Network Working Group B. Trammell
Internet-Draft ETH Zurich
Intended status: Informational March 18, 2018
Expires: September 19, 2018

Optional Security Is Not An Option


This document explores the common properties of optional security protocols and extensions, and notes that due to the base-rate fallacy and general issues with coordinated deployment of protocols under uncertain incentives, optional security protocols have proven difficult to deploy in practice.

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Table of Contents

1. Introduction

Many of the protocols that make up the Internet architecture were designed and first implemented in an envrionment of mutual trust among network engineers, operators, and users, on computers that were incapable of using cryptographic protocols to provide confidentiality, integrity, and authenticity for those protocols, in a legal environment where cryptographic technology was largely protected by restricted licensing and/or prohibited by law. The result has been a protocol stack where security properties have been added to core protocols using those protocol’s extension mechanisms.

As extension mechanisms are by design optional features of a protocol, this has led to a situation where security is optional up and down the protocol stack. Protocols with optional security have proven to be difficult to deploy. This document describes and examines this problem, and provides guidance for future evolution of the protocol, based on current work in network measurement and usable security research.

2. Problem statement

Consider an optional security extension with the following properties:

  1. The extension is optional: a given connection or operation will succeed without the extension, albeit without the security properties the extension guarantees.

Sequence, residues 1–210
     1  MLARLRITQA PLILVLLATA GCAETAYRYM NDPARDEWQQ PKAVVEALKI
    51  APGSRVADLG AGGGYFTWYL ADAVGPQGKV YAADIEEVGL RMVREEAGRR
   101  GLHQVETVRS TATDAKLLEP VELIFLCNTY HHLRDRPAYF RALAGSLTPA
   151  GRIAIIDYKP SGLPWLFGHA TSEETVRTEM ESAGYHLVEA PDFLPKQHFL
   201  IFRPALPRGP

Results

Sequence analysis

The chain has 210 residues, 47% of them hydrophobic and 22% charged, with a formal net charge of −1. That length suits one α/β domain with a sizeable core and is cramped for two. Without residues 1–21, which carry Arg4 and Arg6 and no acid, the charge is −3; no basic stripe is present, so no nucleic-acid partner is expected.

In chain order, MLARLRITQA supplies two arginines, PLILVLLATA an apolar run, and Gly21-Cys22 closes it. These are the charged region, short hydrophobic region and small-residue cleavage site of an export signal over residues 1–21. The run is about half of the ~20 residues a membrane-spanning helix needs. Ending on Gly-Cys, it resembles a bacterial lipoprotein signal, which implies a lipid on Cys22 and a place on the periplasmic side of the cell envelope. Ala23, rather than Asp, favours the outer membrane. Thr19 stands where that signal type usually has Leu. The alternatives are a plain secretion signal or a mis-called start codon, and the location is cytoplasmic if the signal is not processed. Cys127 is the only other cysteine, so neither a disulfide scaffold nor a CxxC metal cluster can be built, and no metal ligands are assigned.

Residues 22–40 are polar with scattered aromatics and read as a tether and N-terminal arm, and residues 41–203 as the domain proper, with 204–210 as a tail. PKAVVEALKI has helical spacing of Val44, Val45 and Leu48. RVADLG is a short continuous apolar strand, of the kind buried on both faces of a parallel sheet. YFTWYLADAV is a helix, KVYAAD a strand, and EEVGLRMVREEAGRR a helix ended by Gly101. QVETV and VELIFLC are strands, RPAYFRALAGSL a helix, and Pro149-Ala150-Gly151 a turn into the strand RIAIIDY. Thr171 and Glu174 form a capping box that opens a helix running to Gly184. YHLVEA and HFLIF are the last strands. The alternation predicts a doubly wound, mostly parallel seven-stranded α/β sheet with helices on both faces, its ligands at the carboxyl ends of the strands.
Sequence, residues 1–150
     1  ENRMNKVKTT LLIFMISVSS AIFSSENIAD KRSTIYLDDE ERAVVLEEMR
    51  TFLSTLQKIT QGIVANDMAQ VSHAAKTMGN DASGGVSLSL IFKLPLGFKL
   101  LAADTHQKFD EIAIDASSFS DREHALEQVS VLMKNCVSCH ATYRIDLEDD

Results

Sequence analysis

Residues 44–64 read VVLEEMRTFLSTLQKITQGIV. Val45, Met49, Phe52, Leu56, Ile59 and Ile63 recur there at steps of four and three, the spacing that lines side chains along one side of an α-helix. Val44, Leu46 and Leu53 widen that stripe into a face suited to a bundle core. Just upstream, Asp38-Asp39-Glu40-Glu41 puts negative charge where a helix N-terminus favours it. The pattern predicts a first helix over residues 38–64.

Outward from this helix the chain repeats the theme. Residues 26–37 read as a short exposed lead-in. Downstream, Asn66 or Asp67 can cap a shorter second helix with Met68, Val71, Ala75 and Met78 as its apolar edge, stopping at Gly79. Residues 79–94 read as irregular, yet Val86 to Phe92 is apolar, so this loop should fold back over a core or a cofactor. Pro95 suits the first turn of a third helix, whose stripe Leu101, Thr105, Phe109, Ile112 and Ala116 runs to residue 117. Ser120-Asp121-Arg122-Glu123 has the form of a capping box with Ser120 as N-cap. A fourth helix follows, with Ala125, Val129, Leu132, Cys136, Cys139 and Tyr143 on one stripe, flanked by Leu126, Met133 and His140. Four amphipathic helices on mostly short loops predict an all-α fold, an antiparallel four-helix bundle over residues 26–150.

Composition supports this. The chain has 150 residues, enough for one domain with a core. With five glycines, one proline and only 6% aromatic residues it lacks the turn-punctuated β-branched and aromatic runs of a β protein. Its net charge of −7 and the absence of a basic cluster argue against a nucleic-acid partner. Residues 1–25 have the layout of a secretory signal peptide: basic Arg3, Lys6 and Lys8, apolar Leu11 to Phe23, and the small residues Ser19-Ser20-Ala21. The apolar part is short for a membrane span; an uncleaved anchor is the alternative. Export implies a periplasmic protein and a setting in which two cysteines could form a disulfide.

2. The extension has a true positive probability P: the probability that it will cause any given operation to fail, thereby successfully preventing an attack that would have otherwise succeeded had the extension not been enabled. This probability is a function of the extension’s effectiveness as well as the probability that said operation will be an instance of the attack the extension prevents.
  3. The extension has a false positive probability Q: the probability it will cause any given operation to fail due to some condition other than an attack, e.g. due to a misconfiguration.

Moving from no deployment of an optional security extension to full deployment is a protocol transition as described in [RFC8170]. We posit that the implicit transition plans for these protocols have generally suffered from an underestimation of a disincentive (section 5.2) linked to the relationship between P and Q for any given protocol.

Specifically, if Q is much greater than P, then any user of an optional security extension will face an overwhelming incentive to disable that extension, as the cost of dealing with spuriously failing operations becomes greater than the cost of dealing with relatively rare successful attacks. This incentive becomes stronger when the cause of the false positive is someone else’s problem; i.e. not a misconfiguration the user can possibly fix. This situation can arise when poor design, documentation, or tool support elevates the incidence of misconfiguration (high Q), in an environment where the attack models addressed by the extension are naturally rare (low P).

This is not a novel observation; a similar phenomenon following from the base-rate fallacy has been studied in the literature on operational security, where the false positive and true positive rates for intrusion detection systems have a similar effect on the applicability of these systems. Axelsson showed [Axelsson99] that the false positive rate must be held extremely low, on the order of 1 in 100,000, for the probability of an intrusion given an alarm to be worth the effort of further investigation.

Indeed, the situation is even worse than this. Experience with operational security monitoring indicates that when Q is high enough, even true positives P may be treated as “in the way”.

3. Case studies

Here we examine four optional security extensions, BGPSEC [RFC8205], RPKI [RFC6810], DNSSEC [RFC4033], and the addition of TLS to HTTP/1.1 [RFC2818], to see how the relationship of P and Q has affected their deployment.